Olga Vidisheva adapts a motto from alma mater Wellesley College for her online shopping site shoptiques.com.
Olga Vidisheva certainly does her homework.
While living on the Lower East Side during a summer internship at Chanel, Vidisheva was entranced with the unique pieces she saw in the area’s small stores. This fascination prompted the idea for a shopping site for independent boutiques, but it was the research she did while a student at Harvard Business School that helped make shoptiques.com a reality. “The question was, if this was such a great concept—which I believed it to be—why hadn’t anyone done this before?” says Vidisheva. “The Internet had certainly been around for a while. I had to prove whether it could work financially.”
Vidisheva enrolled in the Founders’ Dilemmas course at Harvard Business School, taught by Noam Wasserman, renowned for his book of the same title and his study of start-up companies. As part of her course work, she surveyed 800 boutique owners and wrote a detailed business plan. “What I found was that many small boutiques had no idea how to market their clothes for an e-commerce site,” she says. “They weren’t optimizing their merchandise. I thought the idea would work if we provided a 360-degree solution for them.”
So thorough was Vidisheva’s research that in addition to being a semifinalist in an HBS business plan competition, she was also accepted to participate in Y Combinator, an incubator group that provides funding and guidance for start-ups. She began beta testing on her website in October 2011, and a few months later, received funding for it. A write-up in WWD about shoptiques.com created instant demand and the site went live on March 21, 2012.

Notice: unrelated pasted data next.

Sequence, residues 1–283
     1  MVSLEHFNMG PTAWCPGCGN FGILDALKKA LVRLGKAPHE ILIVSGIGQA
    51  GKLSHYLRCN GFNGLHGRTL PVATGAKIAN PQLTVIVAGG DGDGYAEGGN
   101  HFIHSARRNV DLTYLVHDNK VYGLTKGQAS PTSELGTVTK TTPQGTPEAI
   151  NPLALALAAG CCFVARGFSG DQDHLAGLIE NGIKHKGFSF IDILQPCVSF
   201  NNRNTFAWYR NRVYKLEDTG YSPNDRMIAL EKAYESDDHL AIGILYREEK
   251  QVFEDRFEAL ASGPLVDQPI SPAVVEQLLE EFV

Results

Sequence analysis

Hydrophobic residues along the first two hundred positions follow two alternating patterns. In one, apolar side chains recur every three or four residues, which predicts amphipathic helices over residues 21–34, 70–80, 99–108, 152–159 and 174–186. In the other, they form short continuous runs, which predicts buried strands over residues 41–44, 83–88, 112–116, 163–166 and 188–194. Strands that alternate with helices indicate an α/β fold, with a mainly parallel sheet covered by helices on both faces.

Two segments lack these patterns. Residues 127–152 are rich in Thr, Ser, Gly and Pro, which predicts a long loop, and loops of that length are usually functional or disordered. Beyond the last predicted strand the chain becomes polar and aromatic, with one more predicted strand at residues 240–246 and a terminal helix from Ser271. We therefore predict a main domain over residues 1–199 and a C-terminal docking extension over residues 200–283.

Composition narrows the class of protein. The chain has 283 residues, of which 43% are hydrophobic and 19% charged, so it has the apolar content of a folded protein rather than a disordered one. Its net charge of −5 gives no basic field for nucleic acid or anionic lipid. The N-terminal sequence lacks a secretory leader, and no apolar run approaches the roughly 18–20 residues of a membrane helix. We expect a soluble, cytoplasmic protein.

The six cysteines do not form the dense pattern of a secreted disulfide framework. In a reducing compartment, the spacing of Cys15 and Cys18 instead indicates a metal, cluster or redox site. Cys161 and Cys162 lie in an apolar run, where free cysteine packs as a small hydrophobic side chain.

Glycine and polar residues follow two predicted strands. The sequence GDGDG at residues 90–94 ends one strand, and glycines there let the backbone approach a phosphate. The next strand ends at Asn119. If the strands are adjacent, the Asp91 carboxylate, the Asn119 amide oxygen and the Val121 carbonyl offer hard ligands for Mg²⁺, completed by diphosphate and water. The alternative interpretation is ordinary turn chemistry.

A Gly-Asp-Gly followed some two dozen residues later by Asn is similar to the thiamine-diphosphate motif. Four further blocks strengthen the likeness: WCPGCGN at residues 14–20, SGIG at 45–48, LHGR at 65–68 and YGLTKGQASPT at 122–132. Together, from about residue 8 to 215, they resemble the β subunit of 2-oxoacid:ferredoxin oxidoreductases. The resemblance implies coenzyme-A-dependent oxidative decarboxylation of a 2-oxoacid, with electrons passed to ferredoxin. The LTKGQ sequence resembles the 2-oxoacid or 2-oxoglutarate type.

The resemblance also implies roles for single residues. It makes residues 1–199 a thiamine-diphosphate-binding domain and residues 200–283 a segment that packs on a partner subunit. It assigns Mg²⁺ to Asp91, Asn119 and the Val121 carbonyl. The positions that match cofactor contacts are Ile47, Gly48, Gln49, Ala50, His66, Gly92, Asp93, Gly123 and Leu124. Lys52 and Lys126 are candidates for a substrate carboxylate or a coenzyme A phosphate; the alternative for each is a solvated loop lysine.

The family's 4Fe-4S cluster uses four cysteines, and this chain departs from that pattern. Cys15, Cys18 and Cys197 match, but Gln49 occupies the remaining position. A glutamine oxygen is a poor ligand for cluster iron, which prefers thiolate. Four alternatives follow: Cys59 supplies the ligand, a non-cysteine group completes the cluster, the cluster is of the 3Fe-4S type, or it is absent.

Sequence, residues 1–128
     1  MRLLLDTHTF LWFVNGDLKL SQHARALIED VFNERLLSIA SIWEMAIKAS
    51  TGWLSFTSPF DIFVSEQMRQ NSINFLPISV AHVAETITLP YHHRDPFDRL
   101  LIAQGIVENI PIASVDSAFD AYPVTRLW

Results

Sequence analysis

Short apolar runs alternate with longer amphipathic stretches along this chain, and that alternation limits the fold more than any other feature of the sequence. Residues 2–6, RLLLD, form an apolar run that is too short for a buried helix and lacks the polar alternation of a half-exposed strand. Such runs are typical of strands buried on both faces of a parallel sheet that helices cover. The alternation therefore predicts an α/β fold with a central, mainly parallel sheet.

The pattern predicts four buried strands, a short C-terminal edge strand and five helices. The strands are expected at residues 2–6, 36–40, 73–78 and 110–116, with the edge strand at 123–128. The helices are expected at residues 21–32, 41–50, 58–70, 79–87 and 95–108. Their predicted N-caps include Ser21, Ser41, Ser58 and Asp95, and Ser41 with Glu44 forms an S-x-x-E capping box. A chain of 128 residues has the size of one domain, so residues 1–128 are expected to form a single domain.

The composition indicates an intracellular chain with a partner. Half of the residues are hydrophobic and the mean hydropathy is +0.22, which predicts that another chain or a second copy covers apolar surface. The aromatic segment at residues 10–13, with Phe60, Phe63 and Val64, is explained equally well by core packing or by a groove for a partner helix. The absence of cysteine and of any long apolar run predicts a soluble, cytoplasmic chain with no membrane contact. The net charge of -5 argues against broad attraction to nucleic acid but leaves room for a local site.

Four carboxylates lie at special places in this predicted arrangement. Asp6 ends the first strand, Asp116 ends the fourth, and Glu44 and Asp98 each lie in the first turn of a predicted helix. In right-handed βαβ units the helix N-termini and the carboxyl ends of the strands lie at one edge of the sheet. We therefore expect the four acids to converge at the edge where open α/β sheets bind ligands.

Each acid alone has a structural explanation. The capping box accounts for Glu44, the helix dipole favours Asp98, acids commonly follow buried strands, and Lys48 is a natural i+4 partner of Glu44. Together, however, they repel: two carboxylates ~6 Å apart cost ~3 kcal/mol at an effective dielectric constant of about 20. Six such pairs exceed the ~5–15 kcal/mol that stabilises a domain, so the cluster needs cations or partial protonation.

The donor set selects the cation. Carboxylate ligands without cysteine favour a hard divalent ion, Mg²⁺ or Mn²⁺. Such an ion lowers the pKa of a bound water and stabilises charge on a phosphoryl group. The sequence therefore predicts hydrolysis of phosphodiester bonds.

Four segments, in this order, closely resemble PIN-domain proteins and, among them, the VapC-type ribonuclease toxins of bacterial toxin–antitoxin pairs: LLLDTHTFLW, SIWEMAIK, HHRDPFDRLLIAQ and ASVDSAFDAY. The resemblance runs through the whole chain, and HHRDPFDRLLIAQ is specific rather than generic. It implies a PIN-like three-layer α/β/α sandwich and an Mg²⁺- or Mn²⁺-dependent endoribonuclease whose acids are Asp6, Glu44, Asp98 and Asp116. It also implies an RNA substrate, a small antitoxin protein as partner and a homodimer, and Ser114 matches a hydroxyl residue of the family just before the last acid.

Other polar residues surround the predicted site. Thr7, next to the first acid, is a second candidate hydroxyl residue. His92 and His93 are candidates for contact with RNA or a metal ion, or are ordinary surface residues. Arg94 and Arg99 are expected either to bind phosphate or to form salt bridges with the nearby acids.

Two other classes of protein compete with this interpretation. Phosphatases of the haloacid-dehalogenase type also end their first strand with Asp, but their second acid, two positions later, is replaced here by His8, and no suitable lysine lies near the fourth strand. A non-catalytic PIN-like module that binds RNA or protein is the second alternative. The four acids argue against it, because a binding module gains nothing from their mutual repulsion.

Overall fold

From both her research at HBS and her work at Y Combinator, Vidisheva says she learned that shoptiques.com, which operates from loftlike offices on lower Broadway, couldn’t be just an aggregator for cool shops, and that the store selection as well as the merchandise had to be curated. (Boutiques would come on board once they knew who would be in the network; shoppers buying from boutiques, largely unknown beyond their city, needed a quality control.) Vidisheva personally chooses the stores, which now number more than 150 throughout the US, including 55 in New York as well as 25 in Paris. She’s particularly excited about plans for fall, when shoptiques. com will introduce technology so that after the first visit each user will be presented with a home page tailored to his or her tastes and budget. “No other shopping site will have this level of customization,” she explains.
Vidisheva, who was born in Kyrgyzstan and spent time in Moscow, says her love for unique clothing has its roots in her Russian childhood. “In the Soviet Union, people often had to wear uniforms,” she recalls. “It suppressed individualism, so seeing these boutiques, their creativity, and all that individuality expressed through fashion has a deep meaning for me.”